2400 BCE (Old Kingdom, 5th dynasty), Egypt
Carved limestone, red pigment
43 x 101 x 3.5 cm
Collection of The Walters Art Museum, Baltimore
It is late morning. I wake with the Egyptian sun bearing on my back. The warmth spreads across my fur and I sigh in contentment.
Around my neck my master has tied a rope collar finished with two large distinguished knots. I walk proudly with my head held high next to my master, whose walking cane matches my stride four for one. I spend my days close to my him, following him closely like a shadow. I am never far from him and he is never far from me. At night, I sleep curled up at the foot of his bed, and his is the first face I see when I awake.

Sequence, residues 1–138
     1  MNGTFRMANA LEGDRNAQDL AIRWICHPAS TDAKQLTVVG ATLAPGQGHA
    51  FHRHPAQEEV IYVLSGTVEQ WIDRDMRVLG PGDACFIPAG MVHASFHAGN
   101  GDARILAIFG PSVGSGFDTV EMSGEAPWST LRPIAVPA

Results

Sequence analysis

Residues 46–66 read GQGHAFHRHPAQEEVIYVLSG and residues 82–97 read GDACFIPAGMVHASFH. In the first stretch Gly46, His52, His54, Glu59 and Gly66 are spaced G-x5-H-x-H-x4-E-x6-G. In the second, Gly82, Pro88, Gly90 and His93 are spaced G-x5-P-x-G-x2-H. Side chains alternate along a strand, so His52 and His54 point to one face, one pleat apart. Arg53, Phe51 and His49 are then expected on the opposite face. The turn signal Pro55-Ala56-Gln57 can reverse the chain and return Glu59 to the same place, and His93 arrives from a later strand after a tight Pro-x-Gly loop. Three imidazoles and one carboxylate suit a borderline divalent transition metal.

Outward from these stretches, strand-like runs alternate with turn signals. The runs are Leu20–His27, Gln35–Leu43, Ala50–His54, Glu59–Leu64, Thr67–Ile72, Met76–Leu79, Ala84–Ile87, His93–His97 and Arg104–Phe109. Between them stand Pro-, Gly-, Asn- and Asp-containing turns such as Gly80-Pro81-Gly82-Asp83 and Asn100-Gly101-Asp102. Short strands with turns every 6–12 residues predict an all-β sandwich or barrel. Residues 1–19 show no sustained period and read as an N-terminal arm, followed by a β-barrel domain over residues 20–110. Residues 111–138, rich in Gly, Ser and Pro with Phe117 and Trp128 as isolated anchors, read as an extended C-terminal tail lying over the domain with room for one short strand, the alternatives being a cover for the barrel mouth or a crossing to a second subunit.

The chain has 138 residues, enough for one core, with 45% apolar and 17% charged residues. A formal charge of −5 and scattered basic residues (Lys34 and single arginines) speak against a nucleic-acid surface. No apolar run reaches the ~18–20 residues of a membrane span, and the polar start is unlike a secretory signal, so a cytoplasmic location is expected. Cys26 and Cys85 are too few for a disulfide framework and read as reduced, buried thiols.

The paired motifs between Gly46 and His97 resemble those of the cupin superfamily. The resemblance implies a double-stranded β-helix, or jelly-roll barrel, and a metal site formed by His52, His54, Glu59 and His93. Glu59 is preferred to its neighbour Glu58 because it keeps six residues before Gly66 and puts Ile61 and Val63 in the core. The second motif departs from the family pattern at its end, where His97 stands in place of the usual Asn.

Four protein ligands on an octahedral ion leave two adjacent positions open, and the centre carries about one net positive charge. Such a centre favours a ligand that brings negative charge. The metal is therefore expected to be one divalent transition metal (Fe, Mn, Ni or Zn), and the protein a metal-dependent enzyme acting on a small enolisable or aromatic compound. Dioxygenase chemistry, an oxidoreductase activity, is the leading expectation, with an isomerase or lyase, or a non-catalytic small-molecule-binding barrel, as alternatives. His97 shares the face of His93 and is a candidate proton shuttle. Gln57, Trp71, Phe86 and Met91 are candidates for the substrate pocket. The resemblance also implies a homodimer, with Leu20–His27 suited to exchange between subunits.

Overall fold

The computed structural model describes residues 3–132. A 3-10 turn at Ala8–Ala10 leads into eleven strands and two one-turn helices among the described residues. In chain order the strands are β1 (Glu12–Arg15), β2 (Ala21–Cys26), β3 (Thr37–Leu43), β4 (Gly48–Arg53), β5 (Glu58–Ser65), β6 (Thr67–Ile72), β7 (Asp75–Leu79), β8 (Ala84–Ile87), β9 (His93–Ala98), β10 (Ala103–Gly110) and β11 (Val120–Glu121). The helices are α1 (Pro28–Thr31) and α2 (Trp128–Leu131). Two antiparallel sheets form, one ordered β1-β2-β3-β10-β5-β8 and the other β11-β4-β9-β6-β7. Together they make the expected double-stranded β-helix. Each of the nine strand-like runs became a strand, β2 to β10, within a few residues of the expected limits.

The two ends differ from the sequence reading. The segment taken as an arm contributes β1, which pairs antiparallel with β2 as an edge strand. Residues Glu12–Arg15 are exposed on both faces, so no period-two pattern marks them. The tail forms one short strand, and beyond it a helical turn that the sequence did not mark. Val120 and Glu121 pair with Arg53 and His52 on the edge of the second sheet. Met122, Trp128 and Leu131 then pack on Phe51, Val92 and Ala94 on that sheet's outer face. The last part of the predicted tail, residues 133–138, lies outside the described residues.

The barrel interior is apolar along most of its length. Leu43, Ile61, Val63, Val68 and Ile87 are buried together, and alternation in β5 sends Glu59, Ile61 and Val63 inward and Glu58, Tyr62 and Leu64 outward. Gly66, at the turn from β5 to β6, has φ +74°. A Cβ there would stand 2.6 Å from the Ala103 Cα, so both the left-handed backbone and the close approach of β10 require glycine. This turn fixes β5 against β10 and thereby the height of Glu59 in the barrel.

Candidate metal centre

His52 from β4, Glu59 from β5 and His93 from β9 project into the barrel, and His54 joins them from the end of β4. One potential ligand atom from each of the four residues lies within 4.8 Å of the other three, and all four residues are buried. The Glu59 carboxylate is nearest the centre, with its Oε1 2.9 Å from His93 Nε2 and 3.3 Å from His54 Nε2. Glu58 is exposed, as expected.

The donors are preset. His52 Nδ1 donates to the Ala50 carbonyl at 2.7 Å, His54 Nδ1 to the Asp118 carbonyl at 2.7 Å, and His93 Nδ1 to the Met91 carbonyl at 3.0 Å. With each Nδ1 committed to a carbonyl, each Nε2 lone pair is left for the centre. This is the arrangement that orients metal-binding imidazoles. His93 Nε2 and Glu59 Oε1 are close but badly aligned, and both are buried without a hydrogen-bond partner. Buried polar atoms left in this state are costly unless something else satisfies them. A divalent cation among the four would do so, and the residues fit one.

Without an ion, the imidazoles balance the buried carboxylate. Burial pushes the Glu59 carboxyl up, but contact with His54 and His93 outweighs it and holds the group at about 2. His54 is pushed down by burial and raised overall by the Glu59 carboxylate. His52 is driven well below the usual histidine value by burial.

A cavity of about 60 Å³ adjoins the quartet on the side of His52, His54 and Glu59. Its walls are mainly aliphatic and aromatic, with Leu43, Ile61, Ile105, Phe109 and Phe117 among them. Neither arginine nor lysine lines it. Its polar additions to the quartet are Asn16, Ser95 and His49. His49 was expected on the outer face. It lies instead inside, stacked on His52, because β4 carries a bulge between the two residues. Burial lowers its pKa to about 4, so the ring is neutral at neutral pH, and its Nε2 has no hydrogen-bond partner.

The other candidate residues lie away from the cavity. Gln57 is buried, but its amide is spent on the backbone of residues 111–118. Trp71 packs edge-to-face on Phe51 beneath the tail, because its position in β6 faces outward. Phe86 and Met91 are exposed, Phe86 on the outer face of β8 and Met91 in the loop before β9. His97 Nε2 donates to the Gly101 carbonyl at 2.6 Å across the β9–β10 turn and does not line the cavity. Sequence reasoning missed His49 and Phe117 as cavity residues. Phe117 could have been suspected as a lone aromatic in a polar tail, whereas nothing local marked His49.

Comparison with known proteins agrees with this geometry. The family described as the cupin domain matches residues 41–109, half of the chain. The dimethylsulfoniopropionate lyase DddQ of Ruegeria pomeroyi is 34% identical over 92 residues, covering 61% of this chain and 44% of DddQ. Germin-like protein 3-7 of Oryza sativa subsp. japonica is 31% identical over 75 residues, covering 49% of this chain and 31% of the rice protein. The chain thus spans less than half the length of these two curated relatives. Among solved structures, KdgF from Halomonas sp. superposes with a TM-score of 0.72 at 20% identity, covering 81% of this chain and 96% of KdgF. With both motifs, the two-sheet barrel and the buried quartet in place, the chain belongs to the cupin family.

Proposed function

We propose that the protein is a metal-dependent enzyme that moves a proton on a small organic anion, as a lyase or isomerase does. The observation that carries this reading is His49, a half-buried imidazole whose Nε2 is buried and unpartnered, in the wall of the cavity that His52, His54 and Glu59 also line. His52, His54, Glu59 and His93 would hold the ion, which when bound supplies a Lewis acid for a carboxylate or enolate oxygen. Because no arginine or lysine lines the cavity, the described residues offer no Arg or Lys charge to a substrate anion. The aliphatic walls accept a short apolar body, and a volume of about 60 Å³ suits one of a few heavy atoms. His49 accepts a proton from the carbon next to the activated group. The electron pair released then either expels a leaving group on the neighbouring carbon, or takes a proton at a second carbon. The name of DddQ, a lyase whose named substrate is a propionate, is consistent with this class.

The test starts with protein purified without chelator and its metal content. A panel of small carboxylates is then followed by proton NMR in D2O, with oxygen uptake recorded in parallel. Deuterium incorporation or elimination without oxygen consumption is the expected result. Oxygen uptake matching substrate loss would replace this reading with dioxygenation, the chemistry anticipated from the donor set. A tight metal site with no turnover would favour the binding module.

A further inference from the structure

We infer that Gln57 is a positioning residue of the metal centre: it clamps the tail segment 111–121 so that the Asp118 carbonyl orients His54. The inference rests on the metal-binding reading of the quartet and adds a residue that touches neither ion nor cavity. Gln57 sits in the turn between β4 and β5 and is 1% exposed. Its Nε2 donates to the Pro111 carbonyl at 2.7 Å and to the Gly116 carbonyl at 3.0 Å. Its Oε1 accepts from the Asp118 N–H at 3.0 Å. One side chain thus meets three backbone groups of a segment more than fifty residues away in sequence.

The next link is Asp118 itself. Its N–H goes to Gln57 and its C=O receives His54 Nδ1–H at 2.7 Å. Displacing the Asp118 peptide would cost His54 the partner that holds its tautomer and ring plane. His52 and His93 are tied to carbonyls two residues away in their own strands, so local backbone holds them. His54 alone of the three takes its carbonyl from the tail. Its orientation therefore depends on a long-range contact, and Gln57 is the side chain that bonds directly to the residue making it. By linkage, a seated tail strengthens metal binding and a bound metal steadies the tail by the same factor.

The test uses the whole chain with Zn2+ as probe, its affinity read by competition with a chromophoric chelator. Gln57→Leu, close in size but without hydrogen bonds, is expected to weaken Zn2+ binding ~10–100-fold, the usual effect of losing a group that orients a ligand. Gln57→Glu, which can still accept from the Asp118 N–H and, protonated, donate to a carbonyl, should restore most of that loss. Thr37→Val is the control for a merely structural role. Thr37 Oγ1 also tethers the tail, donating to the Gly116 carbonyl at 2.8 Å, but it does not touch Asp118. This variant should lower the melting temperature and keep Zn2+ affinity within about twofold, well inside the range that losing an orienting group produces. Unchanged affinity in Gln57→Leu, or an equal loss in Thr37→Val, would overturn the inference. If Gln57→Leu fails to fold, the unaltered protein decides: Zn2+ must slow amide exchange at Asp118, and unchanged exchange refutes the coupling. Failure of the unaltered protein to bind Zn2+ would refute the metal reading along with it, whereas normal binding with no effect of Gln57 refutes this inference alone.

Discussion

He calls me many names, but Beha is the one I treasure most.1 To me, Beha means freedom, companionship and family. It means him passing me bread and meat from his dinner plate; it means the soft pats and belly rubs I have become accustomed to; it means the hunting trips we go on together. I am a member of his pack, with his companion, his children, and the other dogs that he keeps of whom I am the leader. I know I will follow him to the ends of the world.
Days like these are easy to pass.